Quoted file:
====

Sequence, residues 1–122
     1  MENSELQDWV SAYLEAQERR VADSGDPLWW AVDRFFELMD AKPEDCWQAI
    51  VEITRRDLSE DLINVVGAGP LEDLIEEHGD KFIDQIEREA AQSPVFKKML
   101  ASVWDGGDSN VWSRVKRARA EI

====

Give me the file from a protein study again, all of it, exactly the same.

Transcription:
Sequence, residues 1–122
     1  MENSELQDWV SAYLEAQERR VADSGDPLWW AVDRFFELMD AKPEDCWQAI
    51  VEITRRDLSE DLINVVGAGP LEDLIEEHGD KFIDQIEREA AQSPVFKKML
   101  ASVWDGGDSN VWSRVKRARA EI